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Hot Tub Plumbing Fittings and PVC Spa Repair Parts

Hot tub sprung a leak?

The first step is to power down the spa and open the side panel(s) to see where the leak is coming from.  There are many possible locations including the spa pump(s), unions that connect the pump or heater to the main plumbing, or it could be a leaky jet, suction fitting or manifold.

PVC parts and glue may be needed to fix the leak.  Common hot tub PVC plastic parts include elbows, tees, reducers, hose or pipe and unions.  See our PVC fittings section for these items.


Variety of hot tub plumbing parts explained in this video.

PVC Manifolds - Water Splitters

hot tub plumbing manifoldsManifolds split the water from the pump line (usually 2" hose or pipe) and send the water to other manifolds or to jets.

A PVC manifold is used to send water from the larger hose or pipe to several smaller hoses that usually connect to jets.  The ports on the manifold should each be either connected to a hose, or should have a plug in it. There are 2 port, 4 port, 8 port and other manifold configurations that go to 1 1/2", 2" or even 2 1/2" flex hose, pipe or other connectors.

Most hot tub manufacturers use a manifold plumbing system in order to assure even pressure at every jet on that pump line.  Basically the water manifold is a water splitter and the air manifold is an air splitter.  If you have a leaky or cracked manifold, such as one that froze over the winter, it will need to be replaced with a new PVC manifold.

A spa that is left empty in the freezing winter may have a cracked manifold or two.  Those can usually be found easily because water comes gushing out of them as soon as the hot tub is refilled after the season.  This is why it is important to properly winterize the spa or just leaving it full over the winter, even if the temperature is turned down. Leaving the hot tub filled over the cold winter months also allows the freeze protect systems in the controls to work. 

Hot Tub Plumbing Parts

Hot tub plumbing is made up of hose or pipe that connects the pump to the spa jets along with PVC fittings. 

To create even pressure at a group of jets, water manifolds are used that take the main input from the pump and divide the water stream evenly to various jets and jet groups.  This style of manifold plumbing assures even delivery of water pressure to all jets instead of using the old-style in-line plumbing method that goes from jet to jet, where the last jet in the line is the weakest. 

hose clamps spasPlumbing manifolds come in all different configurations as noted above.

The main ports connect up to the source of the water and the smaller ports deliver the water to the jet lines. Sometimes the plumbing is glued into place and other times it also has hose clamps depending on the spa manufacturer.  For example Clearwater Spas uses hose clamps while QCA Spas uses PVC cement or glue.

jets galoreJet bodies receive the water from the manifolds and deliver it through the jet insert into the seating area of the spa.  Jet inserts can be interchangeable regarding pattern (rotating, non-rotating, multi-nozzle, dual rotation...) and color (stainless steel, gray, white, black..). Jet inserts cannot usually be interchanged between jet body manufacturers, so if replacing a CMP jet, source the right CMP jet. If replacing a Balboa jet or Waterway jet, get the right parts in the particular brand section on our website.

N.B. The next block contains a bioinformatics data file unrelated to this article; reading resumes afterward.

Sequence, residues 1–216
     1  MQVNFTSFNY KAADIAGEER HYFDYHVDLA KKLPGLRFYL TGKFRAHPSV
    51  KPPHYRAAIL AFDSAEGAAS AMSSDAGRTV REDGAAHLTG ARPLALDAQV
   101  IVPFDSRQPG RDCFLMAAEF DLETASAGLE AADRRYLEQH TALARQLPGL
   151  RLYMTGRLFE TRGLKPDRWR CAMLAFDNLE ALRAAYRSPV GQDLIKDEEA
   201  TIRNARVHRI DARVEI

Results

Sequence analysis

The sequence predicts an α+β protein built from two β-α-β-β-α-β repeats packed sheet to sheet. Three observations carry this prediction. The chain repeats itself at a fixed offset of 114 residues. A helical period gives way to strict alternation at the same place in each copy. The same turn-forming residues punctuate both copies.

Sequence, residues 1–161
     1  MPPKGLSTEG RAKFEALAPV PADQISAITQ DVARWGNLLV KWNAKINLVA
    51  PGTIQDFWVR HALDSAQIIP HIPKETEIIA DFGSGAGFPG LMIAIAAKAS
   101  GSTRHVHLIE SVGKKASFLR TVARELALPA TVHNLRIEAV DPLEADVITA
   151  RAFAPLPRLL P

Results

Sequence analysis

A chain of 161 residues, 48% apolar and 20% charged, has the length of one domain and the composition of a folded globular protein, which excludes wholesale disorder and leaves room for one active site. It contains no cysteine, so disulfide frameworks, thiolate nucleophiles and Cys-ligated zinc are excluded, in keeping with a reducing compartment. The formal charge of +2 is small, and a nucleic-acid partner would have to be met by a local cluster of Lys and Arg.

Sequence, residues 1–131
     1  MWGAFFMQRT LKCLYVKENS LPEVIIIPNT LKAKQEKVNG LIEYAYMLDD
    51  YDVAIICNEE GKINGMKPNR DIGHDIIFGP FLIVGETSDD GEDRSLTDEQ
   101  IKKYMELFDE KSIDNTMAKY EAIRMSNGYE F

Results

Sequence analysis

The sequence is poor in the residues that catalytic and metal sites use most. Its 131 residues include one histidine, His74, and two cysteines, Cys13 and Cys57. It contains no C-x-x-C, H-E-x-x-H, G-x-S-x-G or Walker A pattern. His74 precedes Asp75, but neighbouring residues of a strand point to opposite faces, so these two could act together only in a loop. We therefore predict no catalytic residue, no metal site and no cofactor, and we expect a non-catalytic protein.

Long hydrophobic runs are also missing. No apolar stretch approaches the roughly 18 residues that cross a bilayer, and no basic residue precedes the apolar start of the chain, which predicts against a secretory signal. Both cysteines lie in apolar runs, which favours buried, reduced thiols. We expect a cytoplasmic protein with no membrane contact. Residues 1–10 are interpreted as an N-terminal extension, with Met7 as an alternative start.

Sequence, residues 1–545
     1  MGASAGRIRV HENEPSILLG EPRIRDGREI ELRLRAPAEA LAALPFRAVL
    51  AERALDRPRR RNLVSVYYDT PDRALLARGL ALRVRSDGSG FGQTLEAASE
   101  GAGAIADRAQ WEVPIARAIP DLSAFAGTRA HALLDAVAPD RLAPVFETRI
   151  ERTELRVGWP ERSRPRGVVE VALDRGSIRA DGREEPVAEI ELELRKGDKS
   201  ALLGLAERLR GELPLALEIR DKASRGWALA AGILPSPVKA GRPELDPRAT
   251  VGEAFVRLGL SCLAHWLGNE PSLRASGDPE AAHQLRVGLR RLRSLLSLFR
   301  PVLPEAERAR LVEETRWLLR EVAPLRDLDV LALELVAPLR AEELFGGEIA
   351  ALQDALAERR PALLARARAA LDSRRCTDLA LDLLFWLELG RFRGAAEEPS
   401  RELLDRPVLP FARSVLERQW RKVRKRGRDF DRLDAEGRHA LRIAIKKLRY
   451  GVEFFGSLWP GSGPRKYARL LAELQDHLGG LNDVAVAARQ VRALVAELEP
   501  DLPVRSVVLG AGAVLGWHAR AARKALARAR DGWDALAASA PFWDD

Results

See all Spa Jets and jet bodies here and search in the particular brand of jet you need.

1inch flex hose spasFlex Hose and Pipe

Flex hose comes in a variety of sizes.  The hose is referred to by inner diameter measurement. So the 1/2 inch Flex hose or PVC pipe means the inner diameter of the hose or pipe is 1/2 inch.

Actual width of the hose depends on the thickness of the hose material and is usually standardized in hot tub plumbing fittings to fit inside 1/2 inch slip connectors or over 1/2 inch barb connectors.

Flex hose is available in 1/2", 3/4", 1", 1.5", 2", 2 1/2" and even 3" inner diameter sizes.

See our flex hose and pipe section for any of these flex hose types and more.

hot tub plumbing diagram

Slice Valves

gatevalve spaThe plumbing system in Emerald Spas and other spas uses the push/pull type valves or slice valves.  These valves are used when needing to perform service such as replacing a pump, without having to drain the spa.   Most of the time when doing a major repair though, it is best to just drain the spa and start out with fresh water.

Each pump in the spa would have a valve on either side of the pump.  On single pump systems there are two of these T-Valves or slice valves on either side of the spa pack and heater. On two pump systems, there is another set of service valves on either side of Pump 2.

The T-Valves are also called slice valves and can be locked into place (either in unlocked/up position or locked/down position) with a security clip.  These valves should always be in the fully open position when the spa is in use to avoid flow problems.

Be sure the valves are fully open when the spa is in use.

See our selection of slice valves or gate valves.

PVC Plumbing Demystified -
How to Identify PVC parts in a long train of glued together PVC sections and hose

One little leak or a cracked manifold can spoil the party for all the neighboring PVC parts that may be glued together to form a long section or train.   To reassembly a complete PVC section, take a step back, get out a pen or pencil and paper and start by identifying each piece that makes up the section until you build a complete list.

1) Getting the main line plumbing size right - Everything starts with knowing the right nominal PVC Plumbing Size
In a PVC assembly where manifolds are mixed with other PVC parts and pipe/hose, first identify the main line HOSE SIZE.